“That’s about when I started noticing we were playing catch-up,” Bill replied.
“It may be just a coincidence,” I said, “but she has been involved in the discipline for years. She’s even published some articles and the young analyst I met with her probably accompanied her to your competitor. Going from Pharma to your industry would require some learning on her part, but certainly not difficult.”
“Hmm, that’s interesting,” Bill said. “I’ve been so focused on us and what we’re doing that I didn’t know they even had a competitive intelligence department. “
Well,” I mused, ” I certainly don’t know the details of your situation but I know what folks learn in the discipline of CI and I know the standard competitive intelligence best practices. I’ll bet you lunch that they are doing 90% of the things I’m about to tell you.”
“You’re on,” he said as he studied the menu.
“OK,” I started, “the first thing they are probably doing is scouring your web site. And I don’t mean just somebody checking it once a week. There are monitors that can be set up to constantly monitor a site for changes. Alerts are sent and then they dive in to study exactly what has been changed. Sometimes it’s nothing, sometimes it’s an indicator of something they want to know about.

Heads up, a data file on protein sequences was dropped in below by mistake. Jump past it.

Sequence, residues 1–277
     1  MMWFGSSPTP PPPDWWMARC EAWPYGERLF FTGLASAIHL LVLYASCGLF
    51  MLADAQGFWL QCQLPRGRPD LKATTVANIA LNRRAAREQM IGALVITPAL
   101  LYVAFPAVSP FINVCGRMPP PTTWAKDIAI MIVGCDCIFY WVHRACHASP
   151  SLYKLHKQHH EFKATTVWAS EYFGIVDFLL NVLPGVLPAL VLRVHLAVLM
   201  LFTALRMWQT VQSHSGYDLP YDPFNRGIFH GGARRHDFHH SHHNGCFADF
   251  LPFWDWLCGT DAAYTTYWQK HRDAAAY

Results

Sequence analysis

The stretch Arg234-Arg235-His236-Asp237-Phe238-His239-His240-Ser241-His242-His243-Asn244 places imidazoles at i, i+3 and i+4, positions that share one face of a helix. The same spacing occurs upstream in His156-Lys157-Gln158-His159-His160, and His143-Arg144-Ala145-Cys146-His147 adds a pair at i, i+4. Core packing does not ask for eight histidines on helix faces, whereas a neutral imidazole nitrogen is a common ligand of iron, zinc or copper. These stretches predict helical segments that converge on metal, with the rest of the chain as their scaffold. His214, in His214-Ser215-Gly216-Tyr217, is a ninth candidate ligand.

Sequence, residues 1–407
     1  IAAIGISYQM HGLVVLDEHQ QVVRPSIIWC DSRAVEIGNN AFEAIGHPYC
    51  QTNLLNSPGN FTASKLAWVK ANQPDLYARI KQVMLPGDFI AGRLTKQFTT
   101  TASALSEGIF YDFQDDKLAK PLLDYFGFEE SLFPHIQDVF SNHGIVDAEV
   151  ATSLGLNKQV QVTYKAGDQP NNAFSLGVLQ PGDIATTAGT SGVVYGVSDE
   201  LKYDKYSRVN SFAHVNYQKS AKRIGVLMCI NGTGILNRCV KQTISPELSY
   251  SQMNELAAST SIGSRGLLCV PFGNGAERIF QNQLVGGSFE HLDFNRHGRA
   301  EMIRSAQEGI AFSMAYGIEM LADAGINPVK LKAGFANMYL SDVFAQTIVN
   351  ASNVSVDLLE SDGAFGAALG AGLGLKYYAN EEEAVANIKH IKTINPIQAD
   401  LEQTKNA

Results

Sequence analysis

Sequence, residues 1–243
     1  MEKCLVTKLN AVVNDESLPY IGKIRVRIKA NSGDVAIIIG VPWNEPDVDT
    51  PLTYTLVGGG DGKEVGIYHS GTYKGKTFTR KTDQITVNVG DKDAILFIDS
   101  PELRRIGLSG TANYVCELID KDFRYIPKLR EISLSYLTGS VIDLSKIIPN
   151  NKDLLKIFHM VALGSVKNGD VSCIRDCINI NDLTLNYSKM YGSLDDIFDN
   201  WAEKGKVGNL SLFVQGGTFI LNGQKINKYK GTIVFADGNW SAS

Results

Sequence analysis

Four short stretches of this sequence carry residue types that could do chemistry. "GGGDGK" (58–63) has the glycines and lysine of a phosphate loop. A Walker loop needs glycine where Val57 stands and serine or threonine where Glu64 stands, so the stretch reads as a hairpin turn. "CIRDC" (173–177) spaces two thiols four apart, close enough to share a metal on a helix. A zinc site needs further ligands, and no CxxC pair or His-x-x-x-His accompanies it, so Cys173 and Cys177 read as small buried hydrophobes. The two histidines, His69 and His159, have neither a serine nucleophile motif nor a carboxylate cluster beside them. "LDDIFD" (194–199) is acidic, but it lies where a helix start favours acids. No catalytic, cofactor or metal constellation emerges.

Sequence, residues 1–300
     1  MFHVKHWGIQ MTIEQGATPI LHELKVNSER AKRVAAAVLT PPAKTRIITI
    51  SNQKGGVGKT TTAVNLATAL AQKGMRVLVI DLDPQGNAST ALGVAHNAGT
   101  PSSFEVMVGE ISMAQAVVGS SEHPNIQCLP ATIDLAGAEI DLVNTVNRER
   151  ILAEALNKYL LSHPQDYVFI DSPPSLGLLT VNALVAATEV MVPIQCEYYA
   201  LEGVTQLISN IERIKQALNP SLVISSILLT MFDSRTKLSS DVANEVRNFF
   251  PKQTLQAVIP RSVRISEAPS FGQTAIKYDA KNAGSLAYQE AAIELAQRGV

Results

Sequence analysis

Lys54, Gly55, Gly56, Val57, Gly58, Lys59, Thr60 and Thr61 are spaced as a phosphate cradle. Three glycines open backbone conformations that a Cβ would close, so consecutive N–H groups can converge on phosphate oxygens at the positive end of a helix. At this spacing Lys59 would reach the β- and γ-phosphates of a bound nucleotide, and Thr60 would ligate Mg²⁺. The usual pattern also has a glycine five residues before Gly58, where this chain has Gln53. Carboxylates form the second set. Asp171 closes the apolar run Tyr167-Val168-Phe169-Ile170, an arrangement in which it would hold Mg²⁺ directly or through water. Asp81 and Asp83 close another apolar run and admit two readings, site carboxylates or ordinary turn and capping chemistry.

“They are also reading your press releases and digesting any and all published information that they can get their hands on. Directories, trade journals, the local press and many others. I know your company’s CEO is known well in the industry and some of your leaders often speak at conferences. They are pulling those transcripts and dissecting them for clues on where you guys are headed.”
“They are also using social media extensively. They can pretty quickly put together a profile of your management staff, who reports to whom and even identify which suppliers you are using.”
“If she’s following best practices,” I continued, “they attend trade shows and observe you in action with your customers. They will talk to your sales people, not in a funny disguise but openly and overtly with their identification clearly visible. They will engage them in a non-threatening manner…”
“Oh come on,” Bill laughed, “you mean they’re asking our reps what they had for breakfast and gaining intelligence from that! You’ve been watching too much TV!”